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Taylor Ellwood
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Business Wizard for Eccentric Entrepreneurs
Business Wizard for Eccentric Entrepreneurs

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The first time I wrote my business plan, I wondered to myself, "What will this business plan do for my business?" I mean, in theory, my business plan was describing what my business is and how it works, but actually turning that theory into practice seemed impossible. My business plan didn't come with a manual of instructions on how to implement it.

And when I worked with my clients on their business plans, there was a similar feeling of frustration.

"Why am I spending this time putting this document together, if there isn't a clear path to actually do something with it."

Now if you've ever felt this way, chances are you wrote a business plan a long time ago and then promptly lost it in your desk, never to see the light of day again.

And that's sad, because when you put all that effort into writing a business plan, you should get something out of it beyond just stuffing it in a desk and forgetting about it.

Read more at http://bit.ly/2yr3cuw
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When I started my first business, I made all the mistakes that many business owners make. I had no business plan and I didn't have a clear picture about how I would get new clients or even how I would take care of existing clients. I was operating my business in the dark, and it often felt like I was trying to feel my way toward growing a successful business.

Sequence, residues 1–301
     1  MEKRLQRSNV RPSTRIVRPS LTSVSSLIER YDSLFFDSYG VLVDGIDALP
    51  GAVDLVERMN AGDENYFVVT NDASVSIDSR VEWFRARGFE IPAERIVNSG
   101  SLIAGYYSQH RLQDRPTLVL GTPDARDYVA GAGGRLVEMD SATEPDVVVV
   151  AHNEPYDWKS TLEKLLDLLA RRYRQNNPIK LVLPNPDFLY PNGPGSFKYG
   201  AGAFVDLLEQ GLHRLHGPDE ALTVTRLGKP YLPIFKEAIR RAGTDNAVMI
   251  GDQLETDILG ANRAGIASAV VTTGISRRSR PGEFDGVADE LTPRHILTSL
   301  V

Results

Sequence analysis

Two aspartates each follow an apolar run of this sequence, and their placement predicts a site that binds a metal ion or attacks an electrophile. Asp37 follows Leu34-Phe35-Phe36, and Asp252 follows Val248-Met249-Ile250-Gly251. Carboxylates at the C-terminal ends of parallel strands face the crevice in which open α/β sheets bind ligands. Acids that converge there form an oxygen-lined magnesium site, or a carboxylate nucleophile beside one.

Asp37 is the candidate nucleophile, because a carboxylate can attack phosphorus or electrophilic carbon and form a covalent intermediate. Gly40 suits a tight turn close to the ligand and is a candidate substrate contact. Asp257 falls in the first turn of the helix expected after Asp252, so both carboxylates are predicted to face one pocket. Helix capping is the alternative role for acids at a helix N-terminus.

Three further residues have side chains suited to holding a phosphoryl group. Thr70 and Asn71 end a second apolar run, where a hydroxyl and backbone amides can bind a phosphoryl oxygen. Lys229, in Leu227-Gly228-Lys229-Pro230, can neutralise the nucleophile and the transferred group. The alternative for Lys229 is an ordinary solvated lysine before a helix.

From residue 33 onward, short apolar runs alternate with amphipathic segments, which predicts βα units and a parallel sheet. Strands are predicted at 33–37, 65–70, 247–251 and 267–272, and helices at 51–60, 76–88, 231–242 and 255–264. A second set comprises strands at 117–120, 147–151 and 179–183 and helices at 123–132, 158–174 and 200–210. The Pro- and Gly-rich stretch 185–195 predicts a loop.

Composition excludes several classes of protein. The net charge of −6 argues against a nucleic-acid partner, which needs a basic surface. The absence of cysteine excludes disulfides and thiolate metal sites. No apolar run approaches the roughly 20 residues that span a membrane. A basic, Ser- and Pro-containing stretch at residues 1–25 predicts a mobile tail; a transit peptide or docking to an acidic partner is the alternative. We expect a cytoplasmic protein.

I was struggling a lot with actually making the business viable. I would have moments where the business seemed to be working, and then I would have moments where it was clear the business wasn't working.

You know, the feast and famine cycle that many businesses go through.

And why does this happen to so many businesses? Why isn't there a fool proof plan that just allows you to rake in the money, while taking care of your customers?

Well some people will tell you there is a fool proof plan. Set up a funnel and your business will automatically grow. Learn online marketing and the money will just flow in.

It's not quite that simple.

Read more at: http://bit.ly/2zDxzyc
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A year ago I started the crazy journey I've been on this year. And along the way I came face to face with my shadow.

There's a cliche of sorts that you end up teaching what you most need to learn, but you know there's a reason a cliche is a cliche and its because there's an element of truth to the cliche.

Over the last few days I've been meditating (using the Taoist water method) and thinking and considering this year and the lessons I've needed to learn from it.